"Grehan breaks new ground in Middle Eastern historiography. There is no work that deals in detail, and also with depth and insight, with consumer culture in the Middle East like Grehan's work. This work is a truly pioneering effort in this field."
-Adbuk-Karim Rafeq, The College of William and Mary
"An extraordinarily well-researched and well-written work that promises to make a unique contribution in Middle Eastern Studies. Grehan presents a very engaging picture of how the residents of Damascus lived in the eighteenth century."
-Resat Kasaba, author of The Ottoman Empire and the World Economy: The Nineteenth Century
"It is impossible here to mention all the details of this rich and challenging study, which is a very important contribution to Damascene history. . . . In conclusion, Grehan has brought an innovative approach to his study of the probate inventories in eighteenth-century Damascus, combining the analysis of his empirical data with anecdotal information from narratives, chronicles, and travel accounts that served to contextualize his material. . . . he has successfully raised pertinent questions about consumer culture and consumption trends."
"In this interesting and careful study of consumption patterns in eighteenth century Ottoman Damascus, James Grehan puts to imaginative use probate inventories, local chronicles, and religious literature in order to bring detail and life to everyday practices involving food and drink as well as clothing and domestic space . . . . This study nicely complements other consumption studies in the field . . . . More importantly, it brings much needed color and complexity to our understanding of everyday life in an important eighteenth century Ottoman city."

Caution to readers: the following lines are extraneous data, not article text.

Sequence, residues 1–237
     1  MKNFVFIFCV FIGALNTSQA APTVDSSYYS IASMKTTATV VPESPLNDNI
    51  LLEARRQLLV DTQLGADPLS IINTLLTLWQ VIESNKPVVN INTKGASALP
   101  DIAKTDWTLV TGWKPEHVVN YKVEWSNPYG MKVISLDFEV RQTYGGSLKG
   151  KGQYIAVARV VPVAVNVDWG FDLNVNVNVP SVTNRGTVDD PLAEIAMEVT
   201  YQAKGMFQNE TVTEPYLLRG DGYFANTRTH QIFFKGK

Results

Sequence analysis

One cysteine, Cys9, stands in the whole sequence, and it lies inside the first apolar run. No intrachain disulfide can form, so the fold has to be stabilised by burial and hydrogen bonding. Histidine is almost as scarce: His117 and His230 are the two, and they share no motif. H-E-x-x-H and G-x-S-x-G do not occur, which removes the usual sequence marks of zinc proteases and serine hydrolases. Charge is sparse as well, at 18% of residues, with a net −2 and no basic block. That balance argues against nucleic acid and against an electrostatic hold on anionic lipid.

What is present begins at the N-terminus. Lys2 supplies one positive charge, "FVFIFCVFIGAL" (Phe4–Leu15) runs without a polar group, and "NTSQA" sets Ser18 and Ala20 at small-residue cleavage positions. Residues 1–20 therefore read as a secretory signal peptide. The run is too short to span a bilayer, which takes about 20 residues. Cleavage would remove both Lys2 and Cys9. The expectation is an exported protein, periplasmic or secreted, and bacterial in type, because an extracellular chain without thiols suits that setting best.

-Journal of Social History
"One must count Grehan's study among the most exciting books that have appeared in the fields of Ottoman and Middle East history in recent years. . . . Everyday Life and Consumer Culture in 18th-Century Damascus represents an excellent step in the further development of Ottoman consumption studies, and one whose topic merits additional study by the author."
"Grehan gives his city a real presence: we enter its environment and rhythms. . . . Damascus as portrayed here is a late, enchanting flowering of the austere world of the early Arab Conquests - and it is to be enjoyed."